on the road

The True Story Behind the Letter That Inspired Kerouac’s ‘On the Road’

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The famous “Joan Anderson” letter from Neal Cassady to Jack Kerouac has been found in Southern California. Cassady apparently wrote the letter to Kerouac in a drug-fueled, sex-crazed haze on December 17, 1950. The rest is literary history.

Kerouac famously called the letter “the greatest piece of writing I ever saw, better’n anybody in America, or at least enough to make Melville, Twain, Dreiser, Wolfe, I dunno who, spin in their graves.” It was the muse that lent the jazzy energy and so-called “stream of consciousness” style to On the Road and the rest of his Duluoz Legend, in which Cassady appears as a clandestine presence (either as Dean Moriarty or Cody Pomeray). But the letter itself disappeared.
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10 Disappointing Film Adaptations of Classic American Novels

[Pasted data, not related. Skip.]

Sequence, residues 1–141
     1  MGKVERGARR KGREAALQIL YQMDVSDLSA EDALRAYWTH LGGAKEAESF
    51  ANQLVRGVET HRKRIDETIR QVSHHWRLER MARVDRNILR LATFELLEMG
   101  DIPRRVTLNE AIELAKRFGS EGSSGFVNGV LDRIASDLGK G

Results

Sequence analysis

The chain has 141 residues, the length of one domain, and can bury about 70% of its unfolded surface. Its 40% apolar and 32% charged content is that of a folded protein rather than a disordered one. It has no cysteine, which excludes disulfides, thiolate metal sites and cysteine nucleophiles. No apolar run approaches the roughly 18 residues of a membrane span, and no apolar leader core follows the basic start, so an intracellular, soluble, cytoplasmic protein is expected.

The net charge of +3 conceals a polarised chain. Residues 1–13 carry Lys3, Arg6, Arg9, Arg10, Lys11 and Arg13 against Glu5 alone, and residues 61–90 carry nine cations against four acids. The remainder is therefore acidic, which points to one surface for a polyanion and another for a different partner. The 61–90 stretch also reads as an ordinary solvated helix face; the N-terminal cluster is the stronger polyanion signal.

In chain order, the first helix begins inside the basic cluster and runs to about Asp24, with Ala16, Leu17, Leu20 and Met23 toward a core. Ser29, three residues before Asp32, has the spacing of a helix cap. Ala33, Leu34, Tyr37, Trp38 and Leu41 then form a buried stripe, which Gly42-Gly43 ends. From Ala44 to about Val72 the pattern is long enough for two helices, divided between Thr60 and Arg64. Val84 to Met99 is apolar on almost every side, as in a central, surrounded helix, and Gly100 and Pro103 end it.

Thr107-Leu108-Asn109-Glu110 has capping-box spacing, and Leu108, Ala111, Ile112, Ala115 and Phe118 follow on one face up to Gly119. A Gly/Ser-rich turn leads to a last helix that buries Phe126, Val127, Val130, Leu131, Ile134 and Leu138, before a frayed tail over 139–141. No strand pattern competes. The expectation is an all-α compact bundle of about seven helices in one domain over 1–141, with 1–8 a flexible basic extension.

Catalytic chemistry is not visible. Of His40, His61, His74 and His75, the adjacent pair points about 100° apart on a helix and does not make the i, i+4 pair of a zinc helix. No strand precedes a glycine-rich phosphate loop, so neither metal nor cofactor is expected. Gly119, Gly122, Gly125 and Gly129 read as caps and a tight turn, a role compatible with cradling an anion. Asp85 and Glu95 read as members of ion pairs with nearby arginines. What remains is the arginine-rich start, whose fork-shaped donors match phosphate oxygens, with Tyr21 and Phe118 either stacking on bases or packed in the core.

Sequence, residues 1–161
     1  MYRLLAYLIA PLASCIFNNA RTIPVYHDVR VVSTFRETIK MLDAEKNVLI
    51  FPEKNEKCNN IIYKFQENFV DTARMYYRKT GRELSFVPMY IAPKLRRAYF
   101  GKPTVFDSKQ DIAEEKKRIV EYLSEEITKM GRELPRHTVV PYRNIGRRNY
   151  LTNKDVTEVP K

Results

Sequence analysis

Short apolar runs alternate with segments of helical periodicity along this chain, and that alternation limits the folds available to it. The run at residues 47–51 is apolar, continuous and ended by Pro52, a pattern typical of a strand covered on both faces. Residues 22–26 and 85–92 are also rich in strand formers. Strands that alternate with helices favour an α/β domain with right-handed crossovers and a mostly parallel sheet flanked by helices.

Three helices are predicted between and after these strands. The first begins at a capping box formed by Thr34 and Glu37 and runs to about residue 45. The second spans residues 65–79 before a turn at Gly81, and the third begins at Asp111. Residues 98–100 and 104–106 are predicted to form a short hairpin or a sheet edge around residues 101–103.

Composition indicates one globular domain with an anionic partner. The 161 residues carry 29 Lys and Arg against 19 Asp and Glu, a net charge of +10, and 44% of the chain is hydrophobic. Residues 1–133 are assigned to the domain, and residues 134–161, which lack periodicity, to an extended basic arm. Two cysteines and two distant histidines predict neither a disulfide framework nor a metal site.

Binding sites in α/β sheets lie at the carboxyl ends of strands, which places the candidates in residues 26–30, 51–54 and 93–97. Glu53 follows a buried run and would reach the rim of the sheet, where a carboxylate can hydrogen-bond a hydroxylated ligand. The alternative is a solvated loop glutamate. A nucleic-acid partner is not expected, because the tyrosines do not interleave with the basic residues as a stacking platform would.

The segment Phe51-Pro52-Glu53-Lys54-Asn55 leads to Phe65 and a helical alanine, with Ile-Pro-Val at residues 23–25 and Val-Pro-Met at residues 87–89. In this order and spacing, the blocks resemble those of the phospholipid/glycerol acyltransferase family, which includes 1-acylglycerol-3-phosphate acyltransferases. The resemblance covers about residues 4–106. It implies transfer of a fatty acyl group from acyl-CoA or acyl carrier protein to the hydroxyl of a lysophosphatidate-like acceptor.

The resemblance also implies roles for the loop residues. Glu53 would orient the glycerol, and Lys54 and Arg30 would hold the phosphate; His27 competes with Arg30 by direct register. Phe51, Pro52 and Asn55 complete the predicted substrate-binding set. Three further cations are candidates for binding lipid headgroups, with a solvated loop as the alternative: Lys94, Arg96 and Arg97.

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Not all great American novels make great American movies, and after three previous Gatsby movies, it’s surprising that Baz Luhrmann decided to try his hand at Fitzgerald’s novel. With the exception of John Steinbeck (and, depending on your taste, John Grisham), few American authors have produced a handful of novels fit for the cinema. This is not necessarily a bad thing — as far as artistic mediums go, film and novels are strikingly different. But while the literary world is a go-to for Hollywood executives hoping that popular novels will seamlessly transition to the screen (and achieve the same positive response), it isn’t exactly a reliable source of artistic or commercial hits. Among these ten adaptations are valiant efforts as well as unmitigated disasters, none of which successfully captured the charm of their source material.
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